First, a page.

There has been criticism of the slow and ineffective response on the part of President Klaus’s bodyguards to Friday’s attack. Security analyst Andor Šándor told the Czech News Agency that the head of state’s security detail had been guilty of a fatal failure, while a former bodyguard to senior state officials said if the attacker had been carrying a real pistol “we would now have a dead president”. Mr. Klaus himself described the situation as an all-round failure. It was reported on Saturday that the police’s internal affairs department was investigating the affair on suspicion of dereliction of duty.
Preparations are underway for a showcase of the Czech Republic’s second city, Brno, at the Bohemian National Hall in New York on Monday and Tuesday next week. Organisers say the event, entitled Brno Days–New York, will present the Moravian capital’s commercial and scientific potential, as well as its cultural and architectural heritage, to U.S. investors and businesses. One element of the showcase will be a seminar on Brno’s Villa Tugendhat, a world-renowned functionalist building that reopened earlier this year after extensive renovation work.
Czechs commemorate Saint Wenceslas, the nation’s patron saint, on
Friday, a public holiday entitled the Day of Czech Statehood. More than
2,000 people attend the traditional pilgrimage in Stará Boleslav,
north-east of Prague, where Wenceslas was assassinated by his brother on
September 28, 935. Czech President Václav Klaus, Prague Archbishop
Duka and other dignitaries are to take part in the event. Prague’s
Wenceslas Square, named after the saint, will on Friday see a historic
procession complete with Saint Wenceslas riding a horse.
Wenceslas, from the Přemyslid dynasty, was the duke of Bohemia from 921 until his assassination 14 years later. He is considered a the founder of the historic Bohemian state, and has been worshiped as a martyr and a saint.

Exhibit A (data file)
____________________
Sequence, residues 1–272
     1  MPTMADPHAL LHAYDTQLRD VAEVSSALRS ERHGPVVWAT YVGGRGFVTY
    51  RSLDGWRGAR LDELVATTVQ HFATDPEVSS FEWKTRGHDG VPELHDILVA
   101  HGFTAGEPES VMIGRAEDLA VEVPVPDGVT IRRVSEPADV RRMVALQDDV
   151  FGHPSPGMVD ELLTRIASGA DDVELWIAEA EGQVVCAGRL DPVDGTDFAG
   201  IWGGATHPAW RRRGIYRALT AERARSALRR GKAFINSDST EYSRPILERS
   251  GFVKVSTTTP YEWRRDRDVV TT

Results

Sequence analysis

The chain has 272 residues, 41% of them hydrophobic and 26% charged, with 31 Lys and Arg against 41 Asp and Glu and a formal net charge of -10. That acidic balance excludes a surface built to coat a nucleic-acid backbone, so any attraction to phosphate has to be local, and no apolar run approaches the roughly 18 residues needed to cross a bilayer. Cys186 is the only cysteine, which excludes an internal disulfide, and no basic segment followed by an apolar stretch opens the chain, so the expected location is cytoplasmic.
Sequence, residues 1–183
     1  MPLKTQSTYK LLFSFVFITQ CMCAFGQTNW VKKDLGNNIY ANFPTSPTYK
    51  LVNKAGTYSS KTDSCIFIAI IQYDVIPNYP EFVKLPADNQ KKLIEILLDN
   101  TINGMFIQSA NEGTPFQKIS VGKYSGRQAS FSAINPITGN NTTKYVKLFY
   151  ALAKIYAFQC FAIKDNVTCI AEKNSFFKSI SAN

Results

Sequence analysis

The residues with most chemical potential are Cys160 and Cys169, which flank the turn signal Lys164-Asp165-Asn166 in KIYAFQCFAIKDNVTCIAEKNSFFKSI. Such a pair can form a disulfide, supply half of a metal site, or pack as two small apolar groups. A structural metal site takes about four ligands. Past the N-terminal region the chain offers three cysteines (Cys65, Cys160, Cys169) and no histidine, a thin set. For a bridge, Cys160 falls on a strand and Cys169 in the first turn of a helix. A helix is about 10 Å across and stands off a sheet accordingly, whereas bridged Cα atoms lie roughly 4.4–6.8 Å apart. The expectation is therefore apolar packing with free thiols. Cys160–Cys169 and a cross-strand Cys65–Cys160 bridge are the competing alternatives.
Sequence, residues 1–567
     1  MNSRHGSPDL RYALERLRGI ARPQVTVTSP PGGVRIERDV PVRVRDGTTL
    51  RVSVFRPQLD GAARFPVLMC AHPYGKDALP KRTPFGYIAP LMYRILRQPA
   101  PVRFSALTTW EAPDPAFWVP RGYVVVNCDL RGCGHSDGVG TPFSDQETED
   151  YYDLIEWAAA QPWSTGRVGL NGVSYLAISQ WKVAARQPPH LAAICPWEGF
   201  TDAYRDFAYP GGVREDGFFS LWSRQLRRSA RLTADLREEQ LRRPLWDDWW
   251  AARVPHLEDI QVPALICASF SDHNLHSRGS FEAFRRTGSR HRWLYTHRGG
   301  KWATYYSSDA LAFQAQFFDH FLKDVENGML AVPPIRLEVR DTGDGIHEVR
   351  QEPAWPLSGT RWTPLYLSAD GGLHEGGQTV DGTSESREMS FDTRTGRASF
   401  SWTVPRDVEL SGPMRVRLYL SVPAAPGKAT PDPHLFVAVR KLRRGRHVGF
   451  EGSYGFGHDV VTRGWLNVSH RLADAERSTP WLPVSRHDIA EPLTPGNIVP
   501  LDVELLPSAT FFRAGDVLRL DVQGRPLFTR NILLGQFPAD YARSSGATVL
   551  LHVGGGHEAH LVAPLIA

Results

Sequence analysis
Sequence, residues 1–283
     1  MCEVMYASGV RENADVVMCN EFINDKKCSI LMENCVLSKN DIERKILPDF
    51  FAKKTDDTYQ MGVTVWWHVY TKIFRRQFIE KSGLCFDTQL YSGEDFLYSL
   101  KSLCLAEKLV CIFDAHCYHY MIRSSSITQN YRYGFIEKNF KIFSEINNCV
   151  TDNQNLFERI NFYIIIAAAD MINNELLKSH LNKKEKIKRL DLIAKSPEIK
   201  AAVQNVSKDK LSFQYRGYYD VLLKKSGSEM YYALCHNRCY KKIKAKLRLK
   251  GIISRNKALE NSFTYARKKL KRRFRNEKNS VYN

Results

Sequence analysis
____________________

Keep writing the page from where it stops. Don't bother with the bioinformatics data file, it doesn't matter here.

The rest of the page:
The police arrested a man who shot at President Václav Klaus during a bridge-opening ceremony in Chrastava, in northern Bohemia, on Friday afternoon. The 26-year-old man, dressed in camouflage, put his plastic airsfot gun to Mr Klaus’ left side from up close and fired several plastic pellets. The president suffered no injuries but underwent medical test after his return to Prague. After the shooting, the attacker walked away and told TV Nova station he did it in prostest of the government's policies which "starved a third of the nation". He said he was a manual worker, and gave his political affiliation as communist but said he was not active in the party. He was then apprehended by the president’s security service who handed him over to the police. President Klaus, who arrived in Chrastava after attending an event marking the holiday of St Wenceslas earlier in the day, displayed annoyance at his security service, and said the attacker deserved "a few slaps".
Václav is one of traditional Czech names but it is going out of fashion, the news agency ČTK reported on Friday. According to government statistics, there are nearly 133,000 men and boys named Václav living in the country, some 20,000 fewer than two decades ago. Its currently the 17th most popular name in the country. Around 6,600 Czech women bear the female version of the name, Václava.